The final report found that untreated effluent is being used on some farms and market gardens as a form of fertiliser and that a small number of farmers deliberately use waste on their crops, additionally it also suggests that many sewage systems on small farms are failing.
Camden MP Chris Patterson, who chaired the inquiry, said most farmers are doing the right thing. “That would be very minimal if that is occurring,” he said.
“It did find out there’s a need for greater education amongst market gardens potentially in non-English backgrounds.”
To increase the awareness of fresh produce safety, FPS A&NZ is looking for support to provide a coordinated approach to research and outreach for industry-identified fresh produce safety issues and challenges in Australia and New Zealand. 
This will be a ‘go-to’ source for all information and news related to food safety and  act as an important interface for information between regulatory bodies and the industry at all parts of the value chain.
The industry has come a long way to bring about greater collaboration on the critical issue of food safety in the fresh produce industry, however work in this area must be ongoing to ensure the health and safety of the consumer and to build on the strengths of the fresh produce industry.
For more information regarding the actions FPS A&NZ is taking to address food safety issues and challenges and how you can be involved contact:
info@freshproducesafety-anz.com

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New Presentation: “Fresh Produce Safety: A Collaborative Model” Summary by Dr. Robyn McConchie

A presentation delivered at PMA Fresh Connections last month by Dr. Robyn McConchie provides a summary of the the outcomes achieved by FPS A&NZ.
Click here to view the presentation.
Over the past year the program has raised awareness of the risks involved in food safety through a number of avenues:

Forum in November last year Bob Whitaker, Bonnie Fernandez- Fenaroli and Lorna Christie
Development of this website with a monthly newsletter
Formed a partnership with the CPS in the US on funding research and also sharing of information so that the wheel wouldn’t be reinvented   – they have very generously shared their research outcomes so as to build on that work rather than start from  scratch.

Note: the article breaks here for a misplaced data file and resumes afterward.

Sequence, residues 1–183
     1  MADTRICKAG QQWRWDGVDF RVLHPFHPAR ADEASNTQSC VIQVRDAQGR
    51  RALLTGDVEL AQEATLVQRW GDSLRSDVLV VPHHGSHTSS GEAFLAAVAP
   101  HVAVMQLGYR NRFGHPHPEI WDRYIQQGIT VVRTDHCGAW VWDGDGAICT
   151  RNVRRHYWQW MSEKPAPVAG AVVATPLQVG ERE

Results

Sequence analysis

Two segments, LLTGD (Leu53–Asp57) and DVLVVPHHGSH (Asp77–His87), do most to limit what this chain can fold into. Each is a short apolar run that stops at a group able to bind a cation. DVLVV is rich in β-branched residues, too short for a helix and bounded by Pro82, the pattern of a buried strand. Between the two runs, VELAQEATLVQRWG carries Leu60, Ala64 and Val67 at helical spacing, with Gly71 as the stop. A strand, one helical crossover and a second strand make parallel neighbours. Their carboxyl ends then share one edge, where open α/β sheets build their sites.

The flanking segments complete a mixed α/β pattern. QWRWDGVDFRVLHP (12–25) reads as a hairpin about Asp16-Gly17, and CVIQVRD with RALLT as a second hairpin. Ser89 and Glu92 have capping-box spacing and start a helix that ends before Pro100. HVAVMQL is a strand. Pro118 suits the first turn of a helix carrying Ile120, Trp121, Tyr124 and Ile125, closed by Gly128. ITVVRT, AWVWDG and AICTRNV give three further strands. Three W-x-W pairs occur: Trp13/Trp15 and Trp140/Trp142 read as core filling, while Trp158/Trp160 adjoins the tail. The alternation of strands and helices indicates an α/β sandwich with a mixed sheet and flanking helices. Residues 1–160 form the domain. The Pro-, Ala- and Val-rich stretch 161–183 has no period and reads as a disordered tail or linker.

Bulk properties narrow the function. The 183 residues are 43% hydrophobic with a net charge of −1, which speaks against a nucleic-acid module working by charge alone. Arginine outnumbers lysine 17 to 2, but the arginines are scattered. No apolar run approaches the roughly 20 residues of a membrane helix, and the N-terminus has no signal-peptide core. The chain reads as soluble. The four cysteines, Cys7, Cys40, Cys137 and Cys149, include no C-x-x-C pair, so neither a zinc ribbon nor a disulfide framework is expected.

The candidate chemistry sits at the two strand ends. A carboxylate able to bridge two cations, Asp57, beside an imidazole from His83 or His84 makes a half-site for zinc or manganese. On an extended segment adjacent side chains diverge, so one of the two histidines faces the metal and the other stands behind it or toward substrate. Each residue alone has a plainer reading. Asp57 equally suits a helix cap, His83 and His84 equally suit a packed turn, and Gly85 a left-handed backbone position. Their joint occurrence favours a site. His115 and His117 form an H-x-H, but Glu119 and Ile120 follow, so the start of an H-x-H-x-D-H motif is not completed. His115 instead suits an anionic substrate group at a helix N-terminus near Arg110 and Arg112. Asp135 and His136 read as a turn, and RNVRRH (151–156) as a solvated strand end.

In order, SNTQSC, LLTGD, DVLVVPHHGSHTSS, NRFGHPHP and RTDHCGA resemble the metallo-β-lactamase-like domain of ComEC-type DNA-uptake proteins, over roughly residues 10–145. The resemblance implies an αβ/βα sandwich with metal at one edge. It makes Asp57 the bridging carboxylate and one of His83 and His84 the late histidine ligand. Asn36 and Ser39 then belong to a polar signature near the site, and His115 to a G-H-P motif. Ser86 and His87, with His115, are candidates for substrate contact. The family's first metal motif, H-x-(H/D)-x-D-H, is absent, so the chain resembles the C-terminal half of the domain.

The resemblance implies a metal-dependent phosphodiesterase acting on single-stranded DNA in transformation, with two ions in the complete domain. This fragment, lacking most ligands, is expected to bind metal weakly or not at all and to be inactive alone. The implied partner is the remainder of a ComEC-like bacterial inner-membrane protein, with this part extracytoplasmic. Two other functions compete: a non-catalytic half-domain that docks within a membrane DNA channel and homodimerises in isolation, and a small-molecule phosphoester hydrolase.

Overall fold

We have also spoken at the Biennial Freshcare Workshop in April where we also drew on the knowledge and expertise of those involved in  QA to identify the most pressing research needs of the industry
Importantly we have canvassed industry on every occasion to scope out the feasibility of setting up a similar centre that would be independent but affiliated with the CPS in the US. Affiliated in the sense that we share information and outcomes.
Conducted an industry survey through the registered newsletter recipients who represent all stakeholders of the industry – Does Industry need a Fresh Produce Safety Centre?

After this Survey, it was established that the industry did want and need a Fresh Produce Safety Centre. How it will operate, what its roles will be and where to from here can all be seen in the full presentation by Dr. McConchie.

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‘What it takes to instill a food safety culture in your business’ new presentation

Food Safety in our industry is a consumer-right, requiring a collaborative effort from all sectors of the industry. Dr Douglas Powell, Professor of food safety at Kansas State University was at PMA Fresh Connections 2013 Conference last week to challenge businesses not to rely on regulation, but to rely on their staff to deliver safe food.
If you missed Doug’s presentation, it is now available for download below in three abridged segments:

What it takes to instill a food safety culture in your business
The case for instilling a food safety culture in your business
Sprouts – a special problem

Speaking to www.freshfruitportal.com following his presentation, Doug said:
“Having lived here [Australia] for over two years, I don’t see that public culture of food safety. There were 140 people sick in Canberra, because they were using raw eggs in mayo and yet there was no media coverage about it.”
“The thing I hear most in food safety, whether it’s produce or anything else is – ‘We’ve always done it this way and I’ve never made anyone sick’. What it probably means is that you don’t have the surveillance systems to pick it up.”
“This is a reality – there will be outbreaks, like with rockmelon and peanuts in Australia and you as an industry have a chance to come together and get proactive, or wait until the next outbreak.”
Doug’s blog, ‘Barfblog’ is a handy source of current food safety information. You can check it out at www.barfblog.com